What is it like living with a chronic illness? It’s a little bit different, where an acute illness goes away with time, chronic illnesses are long-lasting. They can be maintained and managed, but these conditions become a part of day-to-day living. So, here are ten essential points to keep in mind when talking to a friend with a long-term health condition.
1. Illness does not define us
Even when someone has a chronic health condition, they are still a person. Everyone has dreams, hobbies, goals, loves, and those don’t go away when illness strikes. A good rule of thumb, when talking to and/or about anyone with a disability, is to use Person-FIrst language. That is, instead of saying “this person is disabled” you would say “this person has a disability”. By doing this you are recognizing that disability is not someone’s only defining factor.
2. Life goes on
This is something we have to live with, which means we carry on, just with modifications. We are capable of anything we set our minds to (albeit sometimes differently) and we adapt. Negative comments or excess pity oftentimes put us down, contributing to a mindset that may stifle what we are truly capable of.
3. Sometimes, we need a little patience
This is important, take time to listen to your friends with chronic illnesses. There are limitations, sometimes an activity is too strenuous or it’s just a bad day. Don’t take it personally. Instead, offer up some help, or more importantly, an understanding ear. Empathy goes a very long way.
4. Pain looks different on everybody
Not everybody with a chronic illness looks the same, sometimes, we don’t even look sick at all. Not everyone uses an assistive device, sometimes disability is invisible. It is imperative to remember that pain is subjective, everyone experiences it differently and it cannot be invalidated. So, if a friend says they’re not well, listen, try to understand, but avoid questioning that experience.
5. It is not our “fault”
Please, if there is one thing you take away from this article, remember that chronic illness is not a choice. It is something that happens, something out of our control. We did nothing wrong and nothing to deserve our specific circumstances. Be mindful with what you say, words can hurt much more than anything else.
6. Talking is not taboo
We don’t bite, please talk to us. Even better, ask questions. We know not everyone understands what our lives are like, and even under the umbrella of chronic illness you’ll find a wide array of conditions and symptoms. Don’t be afraid to bring it up, just mind your words (as mentioned above) and take a second to listen. We all have so much to learn from each other.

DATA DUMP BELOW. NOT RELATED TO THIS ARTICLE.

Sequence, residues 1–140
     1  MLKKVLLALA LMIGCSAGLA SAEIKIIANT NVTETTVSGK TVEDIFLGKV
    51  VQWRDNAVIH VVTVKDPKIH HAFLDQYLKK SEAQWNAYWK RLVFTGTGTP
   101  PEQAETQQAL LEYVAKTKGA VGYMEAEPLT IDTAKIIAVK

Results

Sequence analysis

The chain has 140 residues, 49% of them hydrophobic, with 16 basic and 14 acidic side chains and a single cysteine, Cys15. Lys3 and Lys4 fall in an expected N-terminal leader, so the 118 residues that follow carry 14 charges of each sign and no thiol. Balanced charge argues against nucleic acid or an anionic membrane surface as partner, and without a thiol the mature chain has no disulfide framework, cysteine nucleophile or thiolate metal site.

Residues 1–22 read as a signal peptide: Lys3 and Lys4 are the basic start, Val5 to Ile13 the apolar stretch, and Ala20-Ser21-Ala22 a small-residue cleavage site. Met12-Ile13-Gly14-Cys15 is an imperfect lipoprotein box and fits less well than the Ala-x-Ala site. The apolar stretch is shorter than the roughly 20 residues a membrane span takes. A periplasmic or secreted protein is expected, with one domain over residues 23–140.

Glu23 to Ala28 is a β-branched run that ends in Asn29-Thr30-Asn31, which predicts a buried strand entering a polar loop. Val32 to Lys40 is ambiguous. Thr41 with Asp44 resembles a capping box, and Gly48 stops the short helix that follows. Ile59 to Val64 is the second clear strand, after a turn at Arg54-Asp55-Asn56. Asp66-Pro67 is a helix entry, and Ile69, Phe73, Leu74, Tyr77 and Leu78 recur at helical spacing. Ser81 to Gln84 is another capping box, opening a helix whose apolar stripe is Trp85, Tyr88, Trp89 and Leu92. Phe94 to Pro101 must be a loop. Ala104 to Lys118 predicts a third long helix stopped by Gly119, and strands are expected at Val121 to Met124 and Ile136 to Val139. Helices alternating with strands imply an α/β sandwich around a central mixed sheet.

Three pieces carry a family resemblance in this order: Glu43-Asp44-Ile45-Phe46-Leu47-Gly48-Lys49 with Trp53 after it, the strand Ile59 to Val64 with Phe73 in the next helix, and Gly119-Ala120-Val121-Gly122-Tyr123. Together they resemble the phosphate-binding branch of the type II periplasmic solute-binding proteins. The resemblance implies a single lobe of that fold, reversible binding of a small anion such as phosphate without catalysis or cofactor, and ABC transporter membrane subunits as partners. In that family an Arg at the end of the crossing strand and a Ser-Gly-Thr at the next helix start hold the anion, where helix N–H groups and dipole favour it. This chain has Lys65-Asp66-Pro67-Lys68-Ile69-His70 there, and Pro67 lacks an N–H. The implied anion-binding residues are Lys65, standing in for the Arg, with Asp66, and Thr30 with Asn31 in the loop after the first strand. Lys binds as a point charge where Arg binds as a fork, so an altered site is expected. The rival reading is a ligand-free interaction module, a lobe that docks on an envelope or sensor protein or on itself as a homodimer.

7. We appreciate your concern, but…
Most of us see a variety of doctors, and their advice always comes first. Your folk remedies, suggestions, and holistic practices may make great supplements to our current course of care, but they will likely not effectively replace modern medicine. Chronic illness is much more complicated than it may sound, and unfortunately yoga will not cure it, but it may provide secondary benefits.
8. Chronic conditions do not discriminate
Whether someone is young, old, of a specific ethnicity, religious, athletic, or otherwise, chronic health conditions don’t care. Watch your internalized stereotypes before you assume someone can’t possibly have a health condition due to an identity. You will find chronic illness just about anywhere you look, and the only thing it will usually hide behind is a smile.
9. We are independent
We may need help from time to time, but we will ask. If you see a friend with chronic health issues out and about, don’t just assume you need to run to the rescue. Treat them like a person first, ask if they want your assistance only if the situation seems appropriate. Use your best judgement, if someone doesn’t seem like they are struggling, don’t jump in. We are capable to doing much more than you may think.
10. Strength is a welcome side-effect
Along with occasional bad days, roadblocks, and learning just how to adapt, we also grow exponentially. We learn and change along the way, and build up a massive storage of strength. It takes a lot to navigate a world that seems so changed, or inhibits some of the ways you would move around within it. We become tiny lights, both forging and guiding the way for ourselves and others.